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Hiking and Mapping the Manitou Springs Incline

While less than 1 mile (1.42 km) in length, the Manitou Springs Incline is not for the faint of heart. Originally built for cable cars used to carry materials during the construction of Pikes Peak pipelines, the Incline was a tourist attraction until 1990. Thereafter, the cable cars were disassembled, and soon the Incline grew in popularity as a hiking trail and fitness challenge.

Base of the Manitou Springs Incline
The bottom of the Manitou Springs Incline. Approximately 2,744 railroad ties <br />make up the steps to get from this location to the summit.

The Incline’s average grade is 41% (68% at its steepest) over a 2,000 foot (610 meter) elevation gain. The trail consists of uneven stairs made with roughly 2,744 railroad ties. The Incline is a mecca for exercise enthusiasts and anyone desiring a challenge.

As one of those aforementioned exercise enthusiasts and challenge seekers, I decided to embark on this grand cardio-adventure earlier this year. One early Saturday morning, I joined a few hundred other hikers and began the trek up the Incline, one railroad tie at a time.

Surfer Mapping Software: 3D surface map of the Manitou Springs Incline and Barr Trail
The above 3D surface map was created with our gridding, contouring, and 3D surface mapping software program, Surfer. The elevation, imagery, and trail data was downloaded from The National Map courtesy of the USGS.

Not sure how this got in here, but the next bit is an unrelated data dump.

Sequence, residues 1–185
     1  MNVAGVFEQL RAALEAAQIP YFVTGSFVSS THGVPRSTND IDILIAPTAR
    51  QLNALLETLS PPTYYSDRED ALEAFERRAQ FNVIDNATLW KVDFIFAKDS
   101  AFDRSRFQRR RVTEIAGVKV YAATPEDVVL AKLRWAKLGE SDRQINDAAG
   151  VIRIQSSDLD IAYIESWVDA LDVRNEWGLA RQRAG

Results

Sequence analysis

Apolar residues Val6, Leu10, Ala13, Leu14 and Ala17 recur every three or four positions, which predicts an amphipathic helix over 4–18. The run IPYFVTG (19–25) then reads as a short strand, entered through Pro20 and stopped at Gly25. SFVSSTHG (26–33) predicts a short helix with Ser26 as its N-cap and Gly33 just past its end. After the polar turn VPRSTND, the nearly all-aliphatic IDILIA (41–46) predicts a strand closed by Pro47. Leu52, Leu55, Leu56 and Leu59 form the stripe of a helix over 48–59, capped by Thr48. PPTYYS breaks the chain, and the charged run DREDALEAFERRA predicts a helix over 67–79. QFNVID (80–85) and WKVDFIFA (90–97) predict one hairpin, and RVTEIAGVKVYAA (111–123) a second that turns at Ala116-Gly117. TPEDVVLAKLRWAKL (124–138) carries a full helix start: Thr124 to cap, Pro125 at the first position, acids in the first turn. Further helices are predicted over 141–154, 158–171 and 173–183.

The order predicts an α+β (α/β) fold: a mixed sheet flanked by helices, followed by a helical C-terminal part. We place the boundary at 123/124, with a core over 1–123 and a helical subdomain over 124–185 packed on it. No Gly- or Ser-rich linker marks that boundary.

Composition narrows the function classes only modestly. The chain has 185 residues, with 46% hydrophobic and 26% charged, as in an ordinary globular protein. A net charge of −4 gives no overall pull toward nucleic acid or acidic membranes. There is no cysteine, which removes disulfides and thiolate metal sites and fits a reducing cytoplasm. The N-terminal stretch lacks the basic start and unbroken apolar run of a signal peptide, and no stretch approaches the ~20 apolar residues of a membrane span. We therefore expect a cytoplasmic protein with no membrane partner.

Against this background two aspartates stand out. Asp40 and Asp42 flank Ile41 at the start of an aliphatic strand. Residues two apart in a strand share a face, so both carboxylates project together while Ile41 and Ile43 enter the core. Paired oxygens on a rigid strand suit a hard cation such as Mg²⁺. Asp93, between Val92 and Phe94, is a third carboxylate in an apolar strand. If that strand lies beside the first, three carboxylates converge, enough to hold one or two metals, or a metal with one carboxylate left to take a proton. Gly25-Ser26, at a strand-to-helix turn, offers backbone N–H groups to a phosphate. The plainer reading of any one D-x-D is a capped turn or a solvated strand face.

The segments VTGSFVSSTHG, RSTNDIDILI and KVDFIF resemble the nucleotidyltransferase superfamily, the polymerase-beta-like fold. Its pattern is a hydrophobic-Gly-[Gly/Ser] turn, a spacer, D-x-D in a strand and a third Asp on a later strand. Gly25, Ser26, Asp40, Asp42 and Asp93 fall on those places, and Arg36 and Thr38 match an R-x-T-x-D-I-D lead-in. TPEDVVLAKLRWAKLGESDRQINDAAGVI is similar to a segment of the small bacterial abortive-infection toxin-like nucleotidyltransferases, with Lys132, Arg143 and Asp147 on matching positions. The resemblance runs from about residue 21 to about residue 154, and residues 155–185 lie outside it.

I frequently work out and consider myself to be in pretty good shape, but within the first 5 minutes of hiking, I knew this would be a workout to remember. My heartrate quickly increased and sweat began beading on my forehead. After 20 or so minutes of hiking, my legs screamed for a break. The breaks were quite pleasant as they not only allowed me to catch my breath, they also gave me a chance to take in the spectacular views. I soon developed a system of hiking for 10 minutes followed by a 1-2 minute break, and at that pace, I summited the incline after 1 hour and 2 minutes.

The hike back down to Manitou Springs was not nearly as intense as the hike up. While I could have gone back down the Incline, I opted to take the meandering Barr Trail to give my legs a much needed respite. This 3 mile (4.8 km) stretch took another hour and provided additional scenic views. From car to car, the trip took around 3 hours.

Surfer Map: Base map, contour map and profile map of the Manitou Springs Incline and Barr Trail
The above map was created with a base map, contour map, and profile map. It was plotted with our gridding, contouring, and 3D surface mapping software program, Surfer. The elevation, imagery, and trail data was downloaded from The National Map courtesy of the USGS.

I highly recommend conquering the Incline at least once in your lifetime. Fellow hikers are extremely friendly and encouraging, and the sense of accomplishment upon summiting is quite a rush. Plus, the post-hike brew never tasted so good!

My next challenge will be summiting the Incline’s neighbor, Pike’s Peak, a popular Colorado 14er. Happy hiking!

 

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Sunday, 24 September 2017

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